Good morning and welcome to Summit Up, the world’s only daily column perplexed at how one of the biggest stories of the year in our county was portrayed on national television. We happened to catch a special program on the disappearance of Patricia McCormick on Court TV. The show was actually about how McCormick’s daughter hired a psychic to help her track down her mom during the six months she was missing. According to the show, said psychic’s visions were actually pretty accurate (McCormick and the NAPA delivery truck she was driving when she disappeared were found under the ice in Dillon Reservoir in April. Her vehicle veered off the Dam Road after McCormick suffered a medical event and passed away). What was interesting though is the police officers interviewed were from Idaho Springs (not in Summit County the last time we checked) and the producers used mostly footage from Idaho Springs as opposed to, say, Frisco to illustrate the story.We can understand why cops from Idaho Springs were portrayed as the lead investigators in the case. We’re pretty sure our local law enforcement officers gave the show a big fat thumbs down when it came asking for interviews.
But, we aren’t quite sure why they shot very little video in the county. Was it a budget issue? Maybe it’s that much cheaper to shoot on the other side of the Eisenhower Tunnel. This is probably why we don’t work in television, all the logistics are far too complicated for us. We’ll just stick to writing.****We have a major Scum Alert!! Scum Alert!! from Amanda in Blue River. Amanda called to report that her dog was shot on Tuesday near her home on Highway 9 in Blue River. It seems she had her 2-year-old pup, Scrappy, on a runner at about 6 p.m., when he ripped the runner out of the wall and took off, presumably to do some exploring around the neighborhood, as any curious young dog would do.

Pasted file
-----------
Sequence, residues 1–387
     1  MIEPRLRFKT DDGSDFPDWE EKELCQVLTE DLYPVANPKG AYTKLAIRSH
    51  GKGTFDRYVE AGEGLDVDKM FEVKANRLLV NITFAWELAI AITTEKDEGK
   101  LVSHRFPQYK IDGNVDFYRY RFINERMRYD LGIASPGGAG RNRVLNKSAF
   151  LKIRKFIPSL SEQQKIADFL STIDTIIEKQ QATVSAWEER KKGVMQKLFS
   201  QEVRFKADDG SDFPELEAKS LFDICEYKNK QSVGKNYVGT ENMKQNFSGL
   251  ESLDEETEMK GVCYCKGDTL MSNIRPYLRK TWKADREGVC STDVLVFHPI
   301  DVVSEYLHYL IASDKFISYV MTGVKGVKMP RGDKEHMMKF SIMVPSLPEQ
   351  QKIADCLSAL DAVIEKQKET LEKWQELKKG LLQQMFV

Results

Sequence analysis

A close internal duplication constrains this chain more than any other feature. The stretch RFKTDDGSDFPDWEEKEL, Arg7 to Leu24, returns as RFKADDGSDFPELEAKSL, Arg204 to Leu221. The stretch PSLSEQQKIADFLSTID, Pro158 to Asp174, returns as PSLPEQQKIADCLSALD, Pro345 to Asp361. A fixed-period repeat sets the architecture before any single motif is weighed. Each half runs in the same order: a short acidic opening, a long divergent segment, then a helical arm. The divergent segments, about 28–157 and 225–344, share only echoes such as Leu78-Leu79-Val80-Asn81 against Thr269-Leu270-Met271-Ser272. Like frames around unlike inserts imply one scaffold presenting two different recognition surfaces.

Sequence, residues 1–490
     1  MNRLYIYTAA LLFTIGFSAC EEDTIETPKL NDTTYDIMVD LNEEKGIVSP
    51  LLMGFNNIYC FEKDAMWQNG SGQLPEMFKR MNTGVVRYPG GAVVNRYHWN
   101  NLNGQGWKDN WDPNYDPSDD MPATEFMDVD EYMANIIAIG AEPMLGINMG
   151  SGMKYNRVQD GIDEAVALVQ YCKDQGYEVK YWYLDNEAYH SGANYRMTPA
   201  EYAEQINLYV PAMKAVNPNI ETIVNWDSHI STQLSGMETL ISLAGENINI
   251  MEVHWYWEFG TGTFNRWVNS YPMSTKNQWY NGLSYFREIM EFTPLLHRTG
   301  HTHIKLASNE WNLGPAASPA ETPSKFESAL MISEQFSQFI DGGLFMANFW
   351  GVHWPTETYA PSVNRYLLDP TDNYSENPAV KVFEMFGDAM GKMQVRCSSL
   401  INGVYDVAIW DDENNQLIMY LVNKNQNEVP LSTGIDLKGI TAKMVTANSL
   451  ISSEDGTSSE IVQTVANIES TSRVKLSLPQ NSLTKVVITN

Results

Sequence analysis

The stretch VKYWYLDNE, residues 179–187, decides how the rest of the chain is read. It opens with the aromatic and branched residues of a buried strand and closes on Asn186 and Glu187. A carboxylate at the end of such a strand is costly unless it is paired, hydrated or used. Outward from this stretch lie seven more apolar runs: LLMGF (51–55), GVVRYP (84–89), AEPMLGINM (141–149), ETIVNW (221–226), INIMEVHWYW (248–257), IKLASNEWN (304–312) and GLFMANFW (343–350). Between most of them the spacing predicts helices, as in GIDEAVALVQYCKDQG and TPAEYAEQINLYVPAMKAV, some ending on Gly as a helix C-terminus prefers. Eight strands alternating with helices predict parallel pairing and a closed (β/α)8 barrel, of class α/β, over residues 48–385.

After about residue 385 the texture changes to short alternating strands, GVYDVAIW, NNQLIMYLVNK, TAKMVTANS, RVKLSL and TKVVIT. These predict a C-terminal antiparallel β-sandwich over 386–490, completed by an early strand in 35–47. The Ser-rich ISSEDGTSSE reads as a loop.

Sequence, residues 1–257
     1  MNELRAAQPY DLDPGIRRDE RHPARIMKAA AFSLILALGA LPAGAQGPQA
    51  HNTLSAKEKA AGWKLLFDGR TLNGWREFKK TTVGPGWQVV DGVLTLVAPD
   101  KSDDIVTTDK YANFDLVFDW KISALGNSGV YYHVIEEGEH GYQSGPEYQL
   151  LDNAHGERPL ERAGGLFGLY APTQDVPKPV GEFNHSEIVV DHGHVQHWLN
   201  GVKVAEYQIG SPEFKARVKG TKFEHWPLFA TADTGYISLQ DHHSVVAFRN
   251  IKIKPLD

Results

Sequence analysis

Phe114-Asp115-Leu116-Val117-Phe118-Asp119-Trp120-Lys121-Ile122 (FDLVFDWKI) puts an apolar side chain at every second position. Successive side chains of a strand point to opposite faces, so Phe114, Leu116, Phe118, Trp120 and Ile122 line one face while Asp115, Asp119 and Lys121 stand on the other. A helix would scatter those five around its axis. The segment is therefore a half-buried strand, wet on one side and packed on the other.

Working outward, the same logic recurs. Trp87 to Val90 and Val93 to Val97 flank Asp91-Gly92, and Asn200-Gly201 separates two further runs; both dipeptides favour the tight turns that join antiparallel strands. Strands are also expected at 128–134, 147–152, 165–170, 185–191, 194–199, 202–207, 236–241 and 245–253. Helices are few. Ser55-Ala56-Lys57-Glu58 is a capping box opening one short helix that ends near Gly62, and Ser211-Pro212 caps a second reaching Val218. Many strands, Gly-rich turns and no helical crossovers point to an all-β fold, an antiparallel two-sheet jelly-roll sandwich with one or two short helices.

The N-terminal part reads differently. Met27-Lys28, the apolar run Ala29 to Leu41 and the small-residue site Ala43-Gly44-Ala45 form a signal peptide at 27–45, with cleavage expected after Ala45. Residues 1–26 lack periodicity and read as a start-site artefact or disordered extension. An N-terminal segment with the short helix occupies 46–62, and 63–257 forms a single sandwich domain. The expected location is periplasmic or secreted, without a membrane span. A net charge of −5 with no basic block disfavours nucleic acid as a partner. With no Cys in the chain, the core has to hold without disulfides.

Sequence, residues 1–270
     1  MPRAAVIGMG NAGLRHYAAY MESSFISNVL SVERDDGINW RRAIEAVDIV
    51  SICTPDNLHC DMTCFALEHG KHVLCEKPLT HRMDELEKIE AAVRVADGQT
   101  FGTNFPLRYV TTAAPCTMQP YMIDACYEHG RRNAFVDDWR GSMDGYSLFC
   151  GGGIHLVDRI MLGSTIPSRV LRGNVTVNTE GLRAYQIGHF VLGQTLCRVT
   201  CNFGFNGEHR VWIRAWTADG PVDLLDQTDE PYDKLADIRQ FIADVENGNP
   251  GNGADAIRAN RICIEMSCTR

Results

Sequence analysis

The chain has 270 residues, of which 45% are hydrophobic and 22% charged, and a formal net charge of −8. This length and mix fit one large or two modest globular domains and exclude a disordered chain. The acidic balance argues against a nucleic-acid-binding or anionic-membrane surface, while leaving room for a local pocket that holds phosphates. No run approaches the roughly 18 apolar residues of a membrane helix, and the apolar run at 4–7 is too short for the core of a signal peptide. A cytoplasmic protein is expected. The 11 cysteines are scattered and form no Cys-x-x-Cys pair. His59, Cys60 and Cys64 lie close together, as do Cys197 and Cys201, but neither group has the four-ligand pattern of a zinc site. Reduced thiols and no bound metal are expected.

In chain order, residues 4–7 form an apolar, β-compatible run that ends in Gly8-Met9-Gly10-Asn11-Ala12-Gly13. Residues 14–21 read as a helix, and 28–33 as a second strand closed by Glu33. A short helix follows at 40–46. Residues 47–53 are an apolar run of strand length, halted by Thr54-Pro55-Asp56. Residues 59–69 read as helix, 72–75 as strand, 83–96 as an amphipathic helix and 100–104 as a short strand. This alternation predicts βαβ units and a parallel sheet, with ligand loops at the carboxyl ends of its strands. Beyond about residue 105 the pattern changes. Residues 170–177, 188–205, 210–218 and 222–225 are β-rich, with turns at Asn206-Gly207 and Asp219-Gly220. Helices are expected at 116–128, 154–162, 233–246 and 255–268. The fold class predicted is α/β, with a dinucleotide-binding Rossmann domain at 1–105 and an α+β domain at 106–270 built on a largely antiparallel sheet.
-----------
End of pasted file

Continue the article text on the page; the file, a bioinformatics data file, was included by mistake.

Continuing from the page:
About 15 minutes later, Amanda found Scrappy sitting on the front porch in a pool of blood. He had been shot in the hip with a 22. Amanda said she thinks the shooting occurred in the neighborhood because Scrappy wasn’t gone long enough to run all the way into the woods. She’s not sure why somebody would want to shoot Scrappy.”There’s no way somebody could feel threatened by my dog; he’s the cutest, most lovable guy, he’s never attacked anybody,” she said.
Luckily, Scrappy lived, but he’s probably going to needs some serious surgery to repair his injuries. If you know anything about the shooting, call the Summit County Sheriff’s Office at (970) 453-2232, or if you’re feeling that holiday generosity kicking in and would like to contribute toward Scrappy’s surgery e-mail Amanda at email@example.com.
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